11 Standard 3: Energy and Its Effects, Grade Level Expectations Grades K-3 Essential Question: How do we know that things have energy? Essential Question: How can energy be transferred from one material to another? What happens to a material when energy is transferred to it? energy associated with the position of mass and with energy fields (potential energy). the transfer of All students in Kindergarten will be able to: Building upon the Kindergarten expectations, all students in Grade 1 will be able to: Building upon the K-1 expectations, all students in Grade 2 will be able to: Building upon the K-2 expectations, all students in Grade 3 will be able to: Demonstrate that energy of motion can be transferred from one object to another (e.g., moving air transfers energy to make a pinwheel spin). Give examples of energy transfer from one object to another. Simulate how bones, muscles, and joints in the human body work to transfer energy to objects, making them move. 11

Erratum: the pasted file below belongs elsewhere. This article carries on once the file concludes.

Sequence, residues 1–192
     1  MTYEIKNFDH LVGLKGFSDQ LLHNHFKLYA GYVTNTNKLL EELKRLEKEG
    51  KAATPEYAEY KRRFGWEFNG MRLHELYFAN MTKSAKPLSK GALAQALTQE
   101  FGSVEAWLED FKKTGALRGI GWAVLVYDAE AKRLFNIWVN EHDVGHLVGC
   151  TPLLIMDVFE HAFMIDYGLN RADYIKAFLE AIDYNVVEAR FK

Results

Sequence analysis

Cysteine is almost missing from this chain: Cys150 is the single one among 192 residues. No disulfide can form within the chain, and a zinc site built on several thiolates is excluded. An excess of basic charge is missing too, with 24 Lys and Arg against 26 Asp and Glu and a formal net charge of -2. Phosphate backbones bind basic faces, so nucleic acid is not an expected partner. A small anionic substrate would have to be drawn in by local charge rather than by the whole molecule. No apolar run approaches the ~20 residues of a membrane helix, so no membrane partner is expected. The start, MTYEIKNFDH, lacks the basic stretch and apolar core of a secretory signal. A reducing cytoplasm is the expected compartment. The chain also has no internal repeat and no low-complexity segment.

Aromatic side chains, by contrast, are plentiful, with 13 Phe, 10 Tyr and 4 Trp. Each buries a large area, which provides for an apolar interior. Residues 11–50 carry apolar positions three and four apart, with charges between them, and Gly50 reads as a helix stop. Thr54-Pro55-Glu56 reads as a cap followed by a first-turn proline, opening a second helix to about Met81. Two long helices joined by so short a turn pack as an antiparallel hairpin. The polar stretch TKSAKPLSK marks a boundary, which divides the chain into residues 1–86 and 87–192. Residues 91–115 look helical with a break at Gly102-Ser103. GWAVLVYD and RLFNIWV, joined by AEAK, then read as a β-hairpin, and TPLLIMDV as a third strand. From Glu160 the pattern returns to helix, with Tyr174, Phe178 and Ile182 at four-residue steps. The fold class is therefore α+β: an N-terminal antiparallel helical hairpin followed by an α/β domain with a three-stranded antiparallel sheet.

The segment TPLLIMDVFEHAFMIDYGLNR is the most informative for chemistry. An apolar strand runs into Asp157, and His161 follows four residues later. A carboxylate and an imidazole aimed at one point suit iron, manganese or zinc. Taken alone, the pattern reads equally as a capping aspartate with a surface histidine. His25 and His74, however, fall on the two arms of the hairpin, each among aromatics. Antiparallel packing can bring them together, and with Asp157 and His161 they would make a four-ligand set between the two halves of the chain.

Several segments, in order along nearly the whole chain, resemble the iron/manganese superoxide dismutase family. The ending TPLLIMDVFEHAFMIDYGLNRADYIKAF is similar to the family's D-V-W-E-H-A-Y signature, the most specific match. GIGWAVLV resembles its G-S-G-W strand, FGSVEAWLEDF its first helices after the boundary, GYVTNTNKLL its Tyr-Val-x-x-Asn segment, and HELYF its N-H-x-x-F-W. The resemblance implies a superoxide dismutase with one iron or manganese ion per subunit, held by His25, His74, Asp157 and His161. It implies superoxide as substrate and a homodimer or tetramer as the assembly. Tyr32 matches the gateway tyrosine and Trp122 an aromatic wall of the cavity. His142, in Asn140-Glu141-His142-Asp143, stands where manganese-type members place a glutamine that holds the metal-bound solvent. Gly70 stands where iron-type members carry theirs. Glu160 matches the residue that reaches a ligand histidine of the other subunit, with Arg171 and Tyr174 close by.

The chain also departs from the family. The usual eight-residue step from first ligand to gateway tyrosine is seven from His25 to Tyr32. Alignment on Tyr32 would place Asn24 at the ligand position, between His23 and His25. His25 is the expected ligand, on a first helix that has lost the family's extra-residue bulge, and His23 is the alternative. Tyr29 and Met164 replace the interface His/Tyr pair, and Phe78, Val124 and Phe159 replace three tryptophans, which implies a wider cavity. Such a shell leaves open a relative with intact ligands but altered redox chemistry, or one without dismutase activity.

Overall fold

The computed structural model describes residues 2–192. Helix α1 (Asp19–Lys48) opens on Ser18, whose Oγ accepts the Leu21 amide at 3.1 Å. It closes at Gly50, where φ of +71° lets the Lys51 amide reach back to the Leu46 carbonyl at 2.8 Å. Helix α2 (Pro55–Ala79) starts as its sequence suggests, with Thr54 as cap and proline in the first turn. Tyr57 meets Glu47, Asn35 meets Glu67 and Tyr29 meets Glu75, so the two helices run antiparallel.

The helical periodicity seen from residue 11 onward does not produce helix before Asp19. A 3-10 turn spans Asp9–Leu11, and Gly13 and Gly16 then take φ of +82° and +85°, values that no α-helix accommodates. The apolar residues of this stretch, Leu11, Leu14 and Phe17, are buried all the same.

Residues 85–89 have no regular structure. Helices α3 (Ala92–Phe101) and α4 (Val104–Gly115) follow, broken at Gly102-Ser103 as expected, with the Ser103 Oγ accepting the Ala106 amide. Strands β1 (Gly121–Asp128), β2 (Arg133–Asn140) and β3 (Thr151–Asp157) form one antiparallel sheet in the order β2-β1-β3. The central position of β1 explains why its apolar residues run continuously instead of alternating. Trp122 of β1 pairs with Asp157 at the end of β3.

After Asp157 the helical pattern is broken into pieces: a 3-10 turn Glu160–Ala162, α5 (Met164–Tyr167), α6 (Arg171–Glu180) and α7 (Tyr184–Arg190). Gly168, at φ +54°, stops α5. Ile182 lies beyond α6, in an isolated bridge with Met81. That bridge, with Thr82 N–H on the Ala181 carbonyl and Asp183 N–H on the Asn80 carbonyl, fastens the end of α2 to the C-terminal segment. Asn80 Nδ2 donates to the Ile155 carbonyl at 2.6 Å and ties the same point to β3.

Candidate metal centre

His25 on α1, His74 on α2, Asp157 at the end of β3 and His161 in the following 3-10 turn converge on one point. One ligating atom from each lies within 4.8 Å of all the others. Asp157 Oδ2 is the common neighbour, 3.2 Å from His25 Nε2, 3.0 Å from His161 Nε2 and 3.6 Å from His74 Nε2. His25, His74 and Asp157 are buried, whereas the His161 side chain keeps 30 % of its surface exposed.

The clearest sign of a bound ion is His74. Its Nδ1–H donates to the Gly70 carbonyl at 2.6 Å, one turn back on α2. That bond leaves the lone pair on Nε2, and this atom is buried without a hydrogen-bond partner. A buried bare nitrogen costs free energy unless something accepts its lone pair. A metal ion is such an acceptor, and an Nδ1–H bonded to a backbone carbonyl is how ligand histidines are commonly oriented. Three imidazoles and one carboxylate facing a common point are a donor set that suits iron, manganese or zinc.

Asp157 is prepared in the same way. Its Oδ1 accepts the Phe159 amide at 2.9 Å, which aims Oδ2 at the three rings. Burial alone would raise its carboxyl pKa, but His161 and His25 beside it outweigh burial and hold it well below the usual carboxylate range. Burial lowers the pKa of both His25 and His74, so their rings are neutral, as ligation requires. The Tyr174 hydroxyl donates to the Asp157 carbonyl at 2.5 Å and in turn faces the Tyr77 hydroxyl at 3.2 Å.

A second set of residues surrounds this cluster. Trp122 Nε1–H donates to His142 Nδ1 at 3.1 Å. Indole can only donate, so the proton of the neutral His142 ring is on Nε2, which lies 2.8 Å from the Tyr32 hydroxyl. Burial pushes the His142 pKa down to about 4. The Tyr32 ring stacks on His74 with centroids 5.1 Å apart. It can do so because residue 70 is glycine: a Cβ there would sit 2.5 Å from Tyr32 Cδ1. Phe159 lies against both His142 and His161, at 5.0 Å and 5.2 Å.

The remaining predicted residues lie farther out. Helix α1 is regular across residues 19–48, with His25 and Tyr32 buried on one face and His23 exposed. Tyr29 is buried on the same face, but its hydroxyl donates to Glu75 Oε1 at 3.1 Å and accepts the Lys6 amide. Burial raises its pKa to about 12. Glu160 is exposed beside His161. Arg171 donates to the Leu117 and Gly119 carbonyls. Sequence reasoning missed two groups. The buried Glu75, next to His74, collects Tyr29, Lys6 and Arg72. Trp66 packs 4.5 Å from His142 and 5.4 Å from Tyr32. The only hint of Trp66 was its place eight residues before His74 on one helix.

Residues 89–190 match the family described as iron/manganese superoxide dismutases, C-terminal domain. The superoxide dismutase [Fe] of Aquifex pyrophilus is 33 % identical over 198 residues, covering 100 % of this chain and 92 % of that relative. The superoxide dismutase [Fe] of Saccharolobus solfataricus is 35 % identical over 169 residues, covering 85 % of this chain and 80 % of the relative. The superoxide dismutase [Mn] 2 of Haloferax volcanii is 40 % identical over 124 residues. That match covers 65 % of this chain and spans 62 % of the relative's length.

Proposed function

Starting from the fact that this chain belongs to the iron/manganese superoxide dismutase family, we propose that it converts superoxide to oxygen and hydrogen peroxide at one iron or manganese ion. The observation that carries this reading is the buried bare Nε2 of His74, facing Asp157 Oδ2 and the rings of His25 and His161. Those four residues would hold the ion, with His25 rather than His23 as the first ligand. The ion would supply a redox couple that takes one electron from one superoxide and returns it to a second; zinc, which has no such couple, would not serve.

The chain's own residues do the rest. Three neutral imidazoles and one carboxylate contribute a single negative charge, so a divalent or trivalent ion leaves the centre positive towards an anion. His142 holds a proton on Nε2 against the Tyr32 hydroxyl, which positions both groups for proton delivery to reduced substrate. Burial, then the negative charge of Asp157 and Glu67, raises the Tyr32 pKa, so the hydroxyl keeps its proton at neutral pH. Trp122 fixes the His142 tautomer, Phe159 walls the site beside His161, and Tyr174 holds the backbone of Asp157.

12 Standard 3: Energy and Its Effects, Grade Level Expectations Grades K-3 Essential Question: How do we know that things have energy? Essential Question: How can energy be transferred from one material to another? What happens to a material when energy is transferred to it? energy associated with the position of mass and with energy fields (potential energy). the transfer of All students in Kindergarten will be able to: Enduring Understandings: Energy readily transforms from one form to another, but these transformations are not always reversible. The details of these transformations depend upon the initial form of the energy and the properties of the materials involved. Energy may transfer into or out of a system and it may change forms, but the total energy cannot Building upon the Kindergarten expectations, all students in Grade 1 will be able to: Enduring Understandings: Energy readily transforms from one form to another, but these transformations are not always reversible. The details of these transformations depend upon the initial form of the energy and the properties of the materials involved. Energy may transfer into or out of a system and it may change forms, but the total energy cannot Building upon the K-1 expectations, all students in Grade 2 will be able to: Enduring Understandings: Energy readily transforms from one form to another, but these transformations are not always reversible. The details of these transformations depend upon the initial form of the energy and the properties of the materials involved. Energy may transfer into or out of a system and it may change forms, but the total energy cannot Building upon the K-2 expectations, all students in Grade 3 will be able to: Enduring Understandings: Energy readily transforms from one form to another, but these transformations are not always reversible. The details of these transformations depend upon the initial form of the energy and the properties of the materials involved. Energy may transfer into or out of a system and it may change forms, but the total energy cannot Using the sense of touch, recognize that objects placed in direct sunlight feel warmer than objects in the shade. Investigate what happens to the temperature of an object when it is placed in direct sunlight. Record data and conclude that the energy in the sunlight was changed into heat energy in the object. There are no grade level expectations for this understanding. There are no grade level expectations for this understanding. Compare what happens when sunlight strikes dark and light colored objects. 12